Exceptional 19th century post mortem daguerreotypes.
Monday, October 31, 2011
Saturday, October 29, 2011
Friday, October 28, 2011
Thursday, October 27, 2011
Wednesday, October 26, 2011
Monday, October 24, 2011
Brass and marble mausoleum with date etched on one end and cross and anchor on the other end. There is a blue bird inside with a hand-written note which reads, "Our pet wech died Monday 19 1874 at 7:55 o'clock."
Available at Slotin.
Friday, October 21, 2011
Early 20th century folk art carving of a woman in deep prayer, with the inscription "Sweet Hour of Prayer" on the pulpit.
Recently found in an old trunk on an Alabama plantation. Measures 9" tall.
"Sweet Hour of Prayer" was written in 1845 by a blind preacher named William Walford. The lyrics appeared in The New York Observer, September 13, 1845, with the following observation from a Thomas Salmon:
"During my residence at Coleshill, Warwickshire, England, I became acquainted with W. W. Walford, the blind preacher, a man of obscure birth and connections and no education, but of strong mind and most retentive memory. In the pulpit he never failed to select a lesson well adapted to his subject, giving chapter and verse with unerring precision and scarcely ever misplacing a word in his repetition of the Psalms, every part of the New Testament, the prophecies, and some of the histories, so as to have the reputation of “knowing the whole Bible by heart.” He actually sat in the chimney corner, employing his mind in composing a sermon or two for Sabbath delivery, and his hands in cutting, shaping and polishing bones for shoe horns and other little useful implements. At intervals he attempted poetry. On one occasion, paying him a visit, he repeated two or three pieces which he had composed, and having no friend at home to commit them to paper, he had laid them up in the storehouse within. “How will this do?” asked he, as he repeated the following lines, with a complacent smile touched with some light lines of fear lest he subject himself to criticism. I rapidly copied the lines with my pencil, as he uttered them, and sent them for insertion in the Observer, if you should think them worthy of preservation."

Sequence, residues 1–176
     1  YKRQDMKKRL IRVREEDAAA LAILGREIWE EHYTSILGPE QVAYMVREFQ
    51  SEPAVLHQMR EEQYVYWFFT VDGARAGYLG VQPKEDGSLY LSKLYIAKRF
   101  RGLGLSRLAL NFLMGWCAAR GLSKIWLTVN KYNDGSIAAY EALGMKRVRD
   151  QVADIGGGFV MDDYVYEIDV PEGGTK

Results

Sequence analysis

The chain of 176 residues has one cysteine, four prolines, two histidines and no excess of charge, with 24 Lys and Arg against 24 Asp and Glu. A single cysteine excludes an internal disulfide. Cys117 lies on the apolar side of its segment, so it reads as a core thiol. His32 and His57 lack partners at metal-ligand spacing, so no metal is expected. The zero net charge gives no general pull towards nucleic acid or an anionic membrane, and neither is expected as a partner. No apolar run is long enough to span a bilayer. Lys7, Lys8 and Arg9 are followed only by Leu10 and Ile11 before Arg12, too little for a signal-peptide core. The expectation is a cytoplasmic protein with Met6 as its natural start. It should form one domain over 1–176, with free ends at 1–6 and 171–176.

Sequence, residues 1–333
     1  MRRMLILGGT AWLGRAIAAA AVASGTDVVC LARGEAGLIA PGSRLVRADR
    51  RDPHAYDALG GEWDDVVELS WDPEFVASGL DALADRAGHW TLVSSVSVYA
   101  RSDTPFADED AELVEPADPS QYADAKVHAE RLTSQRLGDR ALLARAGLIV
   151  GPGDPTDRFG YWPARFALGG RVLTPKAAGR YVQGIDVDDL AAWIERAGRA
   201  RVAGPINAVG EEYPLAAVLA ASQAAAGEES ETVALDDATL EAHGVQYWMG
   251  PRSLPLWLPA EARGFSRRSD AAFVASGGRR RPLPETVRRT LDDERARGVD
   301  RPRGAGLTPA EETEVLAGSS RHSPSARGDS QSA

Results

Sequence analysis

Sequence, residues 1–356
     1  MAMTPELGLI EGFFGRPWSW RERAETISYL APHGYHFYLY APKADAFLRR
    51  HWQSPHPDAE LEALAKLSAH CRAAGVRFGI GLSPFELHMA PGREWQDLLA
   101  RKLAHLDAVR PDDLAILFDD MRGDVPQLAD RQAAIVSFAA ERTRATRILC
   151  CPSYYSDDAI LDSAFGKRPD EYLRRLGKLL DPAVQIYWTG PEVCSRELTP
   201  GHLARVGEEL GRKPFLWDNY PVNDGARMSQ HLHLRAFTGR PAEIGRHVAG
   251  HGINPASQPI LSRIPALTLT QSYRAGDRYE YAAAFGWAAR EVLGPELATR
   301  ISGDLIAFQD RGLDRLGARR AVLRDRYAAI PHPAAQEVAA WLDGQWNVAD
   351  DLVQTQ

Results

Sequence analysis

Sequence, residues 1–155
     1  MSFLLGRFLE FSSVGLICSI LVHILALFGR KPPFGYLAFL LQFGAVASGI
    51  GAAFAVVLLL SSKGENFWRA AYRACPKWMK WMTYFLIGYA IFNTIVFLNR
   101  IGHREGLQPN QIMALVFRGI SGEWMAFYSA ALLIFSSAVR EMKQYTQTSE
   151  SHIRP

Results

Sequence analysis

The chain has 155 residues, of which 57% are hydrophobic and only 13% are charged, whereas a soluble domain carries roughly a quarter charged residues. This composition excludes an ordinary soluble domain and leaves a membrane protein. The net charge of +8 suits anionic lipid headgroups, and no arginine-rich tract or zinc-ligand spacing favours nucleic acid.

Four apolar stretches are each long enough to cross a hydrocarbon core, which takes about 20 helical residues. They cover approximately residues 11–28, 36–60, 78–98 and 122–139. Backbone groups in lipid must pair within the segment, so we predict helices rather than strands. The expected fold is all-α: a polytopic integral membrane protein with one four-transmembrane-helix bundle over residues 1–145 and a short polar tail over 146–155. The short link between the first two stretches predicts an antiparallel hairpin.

Wednesday, October 19, 2011
Anonymous Works has a new Facebook page!
I'll often be posting different stuff than what's on the blog, so it's another good place to waste your time...and if you're interested in this photo, it's available here.